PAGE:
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Volunteer stories: The importance of cooking and presenting food with care

Project Leader, Chris, has given over 155 hours to FoodCycle Finsbury Park, a project renowned for it’s high-quality food and attention to detail. We asked him about what his role involves, what he has learned and why he thinks presentation is so important!

How did you hear about us?

I was looking to do some volunteering in a soup kitchen and FoodCycle came up when I searched online. I was drawn to it because it looked like a more open and friendlier environment than a traditional soup kitchen. It was really fun from day one and a lot different to soup kitchen’s I had volunteered with in the past. It’s nice to be somewhere that is led by volunteers, not by members of staff, as you have more control and ownership over the project. 

Why did you get involved?

There were lots of reasons I decided to join FoodCycle as a volunteer. Firstly, I wanted to do something to support those experiencing food poverty, and just from looking on the streets I could see that homelessness was going up. Joining FoodCycle showed me that food poverty is a growing problem for lots of people.

I also love cooking, so I felt I was putting my skills to good use. It seems unfair that many of our guests don’t get to try new food experiences and tastes very often, so by volunteering I get to give them the opportunity to try things they may otherwise not have.

I knew a little about food waste, but I didn’t realise it was such a big problem environmentally and socially. The first session really peaked my interest in this.

What do you do for FoodCycle each week? Why do you enjoy it?

I am a Project Leader and I generally lead on the cooking side of things, making mains and starters and with general coordination. I have ideas that I can bring, but I always want to get volunteers involved with coming up with recipes. Volunteers are more likely to come back if they have more control and responsibility. I’ve also enjoyed working with hosting volunteers recently and having more chances to chat with guests.

What skills have you gained?

I’ve gained many useful skills that can be applied to life in general, especially running the kitchen and the hosting side of things. This definitely requires great time management and coordination skills, such as when to put certain dishes in the oven, or on the hob – it requires balancing a lot of tasks.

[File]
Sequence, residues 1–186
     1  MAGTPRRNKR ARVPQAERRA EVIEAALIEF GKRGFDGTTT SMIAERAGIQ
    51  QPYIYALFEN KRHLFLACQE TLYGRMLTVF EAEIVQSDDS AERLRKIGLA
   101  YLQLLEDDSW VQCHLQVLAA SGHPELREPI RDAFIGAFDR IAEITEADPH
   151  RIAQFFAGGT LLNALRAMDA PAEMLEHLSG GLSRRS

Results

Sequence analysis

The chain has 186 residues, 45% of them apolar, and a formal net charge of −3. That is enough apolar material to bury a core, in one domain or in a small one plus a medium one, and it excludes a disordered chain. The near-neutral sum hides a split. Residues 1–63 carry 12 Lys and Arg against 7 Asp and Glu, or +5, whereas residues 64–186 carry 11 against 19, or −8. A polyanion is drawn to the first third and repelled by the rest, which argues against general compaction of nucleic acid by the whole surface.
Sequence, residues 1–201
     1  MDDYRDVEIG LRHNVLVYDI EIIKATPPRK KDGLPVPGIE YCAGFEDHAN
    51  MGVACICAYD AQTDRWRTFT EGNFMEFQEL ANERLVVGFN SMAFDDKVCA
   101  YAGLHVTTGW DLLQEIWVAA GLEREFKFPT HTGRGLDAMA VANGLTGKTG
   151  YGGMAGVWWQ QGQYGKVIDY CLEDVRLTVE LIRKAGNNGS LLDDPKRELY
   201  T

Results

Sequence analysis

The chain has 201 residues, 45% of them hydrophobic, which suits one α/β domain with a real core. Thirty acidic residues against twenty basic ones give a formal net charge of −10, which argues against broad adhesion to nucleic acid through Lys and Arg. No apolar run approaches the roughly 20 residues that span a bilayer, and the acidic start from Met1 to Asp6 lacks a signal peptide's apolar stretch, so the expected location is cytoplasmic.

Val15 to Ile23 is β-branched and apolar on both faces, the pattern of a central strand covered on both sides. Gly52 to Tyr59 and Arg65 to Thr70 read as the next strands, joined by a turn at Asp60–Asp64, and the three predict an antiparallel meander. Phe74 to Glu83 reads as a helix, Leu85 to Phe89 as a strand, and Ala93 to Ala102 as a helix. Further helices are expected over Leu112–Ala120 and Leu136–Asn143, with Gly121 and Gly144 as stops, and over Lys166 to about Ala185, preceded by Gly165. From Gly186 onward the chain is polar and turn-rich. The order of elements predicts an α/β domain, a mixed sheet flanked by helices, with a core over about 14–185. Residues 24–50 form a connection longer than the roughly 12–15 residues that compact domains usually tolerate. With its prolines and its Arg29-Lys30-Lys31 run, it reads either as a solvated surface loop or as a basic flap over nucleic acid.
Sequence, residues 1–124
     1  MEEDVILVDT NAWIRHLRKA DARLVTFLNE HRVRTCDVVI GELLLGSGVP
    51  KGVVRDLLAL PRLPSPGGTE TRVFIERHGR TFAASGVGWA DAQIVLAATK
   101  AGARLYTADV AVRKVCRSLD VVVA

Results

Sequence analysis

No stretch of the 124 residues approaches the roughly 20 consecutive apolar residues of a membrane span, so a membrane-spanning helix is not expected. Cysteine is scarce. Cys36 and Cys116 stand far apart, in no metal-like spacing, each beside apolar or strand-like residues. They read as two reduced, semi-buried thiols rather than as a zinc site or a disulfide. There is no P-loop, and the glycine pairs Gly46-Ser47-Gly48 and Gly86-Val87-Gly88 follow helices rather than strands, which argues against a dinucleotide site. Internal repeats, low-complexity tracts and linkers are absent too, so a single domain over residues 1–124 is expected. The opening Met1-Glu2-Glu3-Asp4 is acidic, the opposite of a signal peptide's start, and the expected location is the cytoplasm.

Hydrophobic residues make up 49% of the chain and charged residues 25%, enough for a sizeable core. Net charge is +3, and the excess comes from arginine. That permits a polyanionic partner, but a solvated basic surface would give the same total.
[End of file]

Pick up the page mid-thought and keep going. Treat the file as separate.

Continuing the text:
As a leader I would definitely recommend the volunteer management aspects: I am learning how best to motivate them, ensuring it is still fun, and making sure they feel valued. Also, we focus on wanting to make things a bit special for our guests (hosting and food). The guests have known us for a year now and they really appreciate our work.

What do you think guests have learned from FoodCycle Finsbury Park, and what have you learnt from them?

I think guests have learnt about eating healthy and tasty food, and hopefully a bit about healthy eating and cooking, such as trying different types of vegetables. We try to ensure it is not too complicated. They’ve also recognise how much time and effort we put in- we’ve seen them help with clearing up and closing down which is a big help, and they seem to really appreciate our help.

I’ve learnt how to cook things that appeal to a wide range of tastes (something I didn’t appreciate at the beginning). It’s made me more open-minded. On a people level, I’ve learnt how kind, open-minded and generous people are. We all come from a variety of different backgrounds and have interesting conversations. I feel I have learnt a lot about them, and also how our community is so diverse. When I see our guests thanking and helping us, it does make me feel more humble and appreciative of what I have.

Why do you think the presentation of food, and the quality of the food made, is so important at a FoodCycle meal?

Firstly, because FoodCycle as a national charity is trying to break the stigma around what a free meal is. We make it more open, fun, useful and welcoming. Cooking and presenting food with care, with restaurant-style plating, helps with this.

When I started I slowly but surely introduced better presentation. At first, there was a little resistance because of the speed we need to turn meals around in, but now people really like doing it. It’s fun for volunteers and I feel they are learning a bit which is motivating for them.

Also, we cook things that are a bit different, so both volunteers and guests are trying things they may not have before.

We’re ultimately just trying to get a Michelin star!

What’s the one meal you’ve been most proud of being involved in making at FoodCycle?

 I guess I’d say the fundraiser we put on with professional chef Asma Khan. It was a lot of effort, but it involved the whole team, both in the build-up and on the day. It was a big success, both volunteers and attendees got a lot out of it. And we raised a lot of money from it which will help us to continue serving fantastic meals every Saturday.

What do you do when you’re not volunteering?

 When I’m not volunteering with FoodCycle, I’m finishing my Masters, seeing friends and family, and going out for dinner when I can.

What would you say to someone considering volunteering?

If you like food, cooking food, and you like being round great people, just give it a go. Like a lot of these things in life, I think what’s the harm in trying? It’s a very open, inclusive and easy-going atmosphere. You’ll make a difference, even if you just try once.

If you could sum up FoodCycle in one word, what would it be?

Caring

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